Chicago | Reuters — U.S. lean hog futures fell more than four per cent on Wednesday, with the benchmark February contract at times dropping its daily three-cent limit on doubts about the prospects for a U.S. trade deal with China, the world’s top pork consumer.
February lean hog futures on the Chicago Mercantile Exchange (CME) settled down 2.85 cents at 66.775 cents/lb. after falling to 66.625 cents, the contract’s lowest point since Sept. 10 (all figures US$). The June contract ended down 2.9 cents at 84.35 cents/lb., down nearly 10 cents from last week’s high of 93.4 cents, or $93.40 per hundredweight.
“The deferred contracts, the February through the summer months, had built in a nice premium, anticipating we were going to have exports to China. And that has not happened. Without those exports, there is no way to maintain $90 price levels,” said Brian Hoops, president of Midwest Market Solutions.
“With these big (U.S. hog) numbers that we have, we need to be in the $60s, where the December contract is trading,” Hoops said.
Hopes for a U.S.-China trade deal faded on Wednesday after China blasted a U.S. Senate bill aimed at protecting human rights in Hong Kong. Completion of a “phase one” U.S.-China trade deal could slide into next year, trade experts and people close to the White House said.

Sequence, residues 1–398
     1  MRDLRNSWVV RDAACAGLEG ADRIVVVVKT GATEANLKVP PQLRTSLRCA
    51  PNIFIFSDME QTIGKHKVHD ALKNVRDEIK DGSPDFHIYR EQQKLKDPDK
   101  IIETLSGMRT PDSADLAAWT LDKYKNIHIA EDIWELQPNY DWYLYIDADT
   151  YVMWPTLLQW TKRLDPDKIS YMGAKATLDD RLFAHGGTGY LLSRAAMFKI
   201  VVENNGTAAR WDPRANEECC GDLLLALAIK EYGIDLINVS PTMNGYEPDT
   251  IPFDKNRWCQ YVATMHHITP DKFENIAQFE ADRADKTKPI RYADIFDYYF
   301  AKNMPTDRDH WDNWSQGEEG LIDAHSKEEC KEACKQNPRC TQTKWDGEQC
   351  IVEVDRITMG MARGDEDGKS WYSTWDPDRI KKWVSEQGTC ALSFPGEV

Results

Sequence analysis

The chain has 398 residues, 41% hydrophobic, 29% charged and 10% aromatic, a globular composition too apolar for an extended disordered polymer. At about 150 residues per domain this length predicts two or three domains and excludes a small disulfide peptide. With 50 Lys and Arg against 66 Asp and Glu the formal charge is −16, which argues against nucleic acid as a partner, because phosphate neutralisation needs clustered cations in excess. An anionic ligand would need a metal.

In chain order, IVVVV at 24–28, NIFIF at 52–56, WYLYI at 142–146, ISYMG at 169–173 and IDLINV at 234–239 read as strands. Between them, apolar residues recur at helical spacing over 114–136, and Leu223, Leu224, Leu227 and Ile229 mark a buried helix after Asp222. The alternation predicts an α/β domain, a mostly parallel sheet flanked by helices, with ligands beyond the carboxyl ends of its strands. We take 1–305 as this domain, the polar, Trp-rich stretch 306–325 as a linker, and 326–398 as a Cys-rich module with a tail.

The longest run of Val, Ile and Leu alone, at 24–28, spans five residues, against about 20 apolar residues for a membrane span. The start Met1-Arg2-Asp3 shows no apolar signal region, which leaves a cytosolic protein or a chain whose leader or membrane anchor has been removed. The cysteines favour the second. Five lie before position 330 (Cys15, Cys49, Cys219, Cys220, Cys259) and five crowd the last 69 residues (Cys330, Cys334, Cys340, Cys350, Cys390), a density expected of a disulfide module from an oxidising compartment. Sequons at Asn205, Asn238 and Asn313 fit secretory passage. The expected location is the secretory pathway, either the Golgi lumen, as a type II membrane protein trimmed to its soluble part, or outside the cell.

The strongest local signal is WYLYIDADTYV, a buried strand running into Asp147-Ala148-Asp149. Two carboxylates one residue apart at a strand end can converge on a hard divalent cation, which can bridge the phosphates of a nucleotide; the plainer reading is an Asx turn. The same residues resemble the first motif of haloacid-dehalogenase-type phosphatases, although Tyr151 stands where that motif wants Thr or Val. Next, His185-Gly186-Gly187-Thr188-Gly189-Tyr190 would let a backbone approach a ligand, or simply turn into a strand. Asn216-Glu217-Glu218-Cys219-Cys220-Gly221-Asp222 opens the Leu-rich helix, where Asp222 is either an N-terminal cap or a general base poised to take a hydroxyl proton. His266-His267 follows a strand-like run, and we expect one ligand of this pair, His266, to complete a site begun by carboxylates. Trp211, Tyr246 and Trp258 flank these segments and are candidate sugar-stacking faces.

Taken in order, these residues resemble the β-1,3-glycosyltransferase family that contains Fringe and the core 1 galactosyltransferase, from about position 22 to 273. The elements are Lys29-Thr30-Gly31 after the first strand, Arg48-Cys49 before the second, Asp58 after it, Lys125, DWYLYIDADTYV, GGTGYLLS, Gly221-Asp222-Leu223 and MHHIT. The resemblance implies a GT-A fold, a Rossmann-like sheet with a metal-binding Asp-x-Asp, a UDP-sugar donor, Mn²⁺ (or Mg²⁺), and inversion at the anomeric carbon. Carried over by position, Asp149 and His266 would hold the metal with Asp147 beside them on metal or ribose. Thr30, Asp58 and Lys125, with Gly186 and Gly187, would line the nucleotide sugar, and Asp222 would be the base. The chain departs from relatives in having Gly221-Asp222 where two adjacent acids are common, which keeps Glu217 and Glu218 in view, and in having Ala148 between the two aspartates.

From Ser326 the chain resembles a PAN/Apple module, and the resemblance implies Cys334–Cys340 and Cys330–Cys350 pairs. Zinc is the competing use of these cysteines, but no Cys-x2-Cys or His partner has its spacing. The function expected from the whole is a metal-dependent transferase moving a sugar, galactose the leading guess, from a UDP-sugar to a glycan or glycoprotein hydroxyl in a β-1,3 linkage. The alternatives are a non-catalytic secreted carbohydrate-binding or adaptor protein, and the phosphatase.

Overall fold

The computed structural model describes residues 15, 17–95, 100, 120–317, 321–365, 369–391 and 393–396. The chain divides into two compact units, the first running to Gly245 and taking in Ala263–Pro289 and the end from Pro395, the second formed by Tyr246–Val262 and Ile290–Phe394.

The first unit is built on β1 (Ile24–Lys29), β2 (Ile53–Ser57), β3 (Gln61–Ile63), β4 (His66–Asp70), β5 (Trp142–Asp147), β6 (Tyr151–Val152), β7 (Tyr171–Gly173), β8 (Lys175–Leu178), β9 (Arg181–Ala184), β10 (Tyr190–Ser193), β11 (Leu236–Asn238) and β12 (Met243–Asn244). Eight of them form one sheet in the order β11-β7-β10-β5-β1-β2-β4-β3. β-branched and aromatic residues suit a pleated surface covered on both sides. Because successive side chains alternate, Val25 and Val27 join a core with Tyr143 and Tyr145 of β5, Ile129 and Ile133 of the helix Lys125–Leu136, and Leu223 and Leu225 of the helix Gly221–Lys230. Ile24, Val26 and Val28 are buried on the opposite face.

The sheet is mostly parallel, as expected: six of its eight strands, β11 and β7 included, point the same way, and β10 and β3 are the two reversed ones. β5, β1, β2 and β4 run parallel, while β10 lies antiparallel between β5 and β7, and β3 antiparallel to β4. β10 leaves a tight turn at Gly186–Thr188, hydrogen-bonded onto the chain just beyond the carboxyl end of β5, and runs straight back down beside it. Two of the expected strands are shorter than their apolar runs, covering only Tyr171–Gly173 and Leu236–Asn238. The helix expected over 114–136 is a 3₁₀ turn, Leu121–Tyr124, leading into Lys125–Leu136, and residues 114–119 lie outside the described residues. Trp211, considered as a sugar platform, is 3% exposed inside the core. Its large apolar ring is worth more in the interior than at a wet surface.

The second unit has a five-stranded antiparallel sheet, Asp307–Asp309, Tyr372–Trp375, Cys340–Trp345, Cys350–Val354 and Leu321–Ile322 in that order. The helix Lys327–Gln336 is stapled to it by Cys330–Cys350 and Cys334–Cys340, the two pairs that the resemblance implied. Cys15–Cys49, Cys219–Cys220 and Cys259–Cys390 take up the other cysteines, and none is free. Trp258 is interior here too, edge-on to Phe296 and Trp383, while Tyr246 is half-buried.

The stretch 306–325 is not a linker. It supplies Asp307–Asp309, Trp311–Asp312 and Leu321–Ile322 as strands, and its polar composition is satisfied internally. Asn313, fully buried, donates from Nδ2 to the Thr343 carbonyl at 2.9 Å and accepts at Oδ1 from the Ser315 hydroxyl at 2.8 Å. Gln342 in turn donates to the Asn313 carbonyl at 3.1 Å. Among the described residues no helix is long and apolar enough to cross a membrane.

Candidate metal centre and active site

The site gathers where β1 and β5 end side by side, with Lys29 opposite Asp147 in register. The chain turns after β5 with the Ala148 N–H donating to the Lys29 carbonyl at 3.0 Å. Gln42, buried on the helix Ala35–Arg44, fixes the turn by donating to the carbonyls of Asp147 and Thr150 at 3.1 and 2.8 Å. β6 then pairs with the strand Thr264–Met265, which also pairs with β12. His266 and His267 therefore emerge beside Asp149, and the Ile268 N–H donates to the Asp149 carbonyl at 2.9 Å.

China has sharply increased its imports of meat from global suppliers over the last year as it struggles with African swine fever, a deadly animal disease that has devastated its hog herd, the world’s largest.
But U.S. pork sales to China have been limited by steep tariffs that Beijing imposed last year as part of the countries’ trade war.
CME live cattle futures rose, supported by firm cash prices. Traders said cattle traded lightly in Texas and Kansas at $116/cwt, roughly $1 higher than last week.
“I think that was a little better than anticipated,” said Jeff French, analyst with Top Third Ag Marketing in Chicago, adding that the bulk of the week’s cash cattle trades would likely occur late this week.
CME February live cattle futures settled up 0.425 cent at 125.475 cents/lb., with front-month December ending up 0.525 cent at 119.3 cents.
CME January feeder cattle rose 0.05 cent to end at 144.075 cents/lb.
Traders await the U.S. Department of Agriculture’s monthly cattle-on-feed report on Friday. Analysts surveyed by Reuters on average expected the government to report the number of cattle placed in feedlots during October at 2.505 million head, up 11.4 per cent from a year ago.
— Julie Ingwersen is a Reuters commodities correspondent in Chicago.Tagged Beef Cattle, cash prices, Cattle, China, closing markets, CME, feeder cattle, hogs, lean hog, live cattle, Pork, Swine, tariffs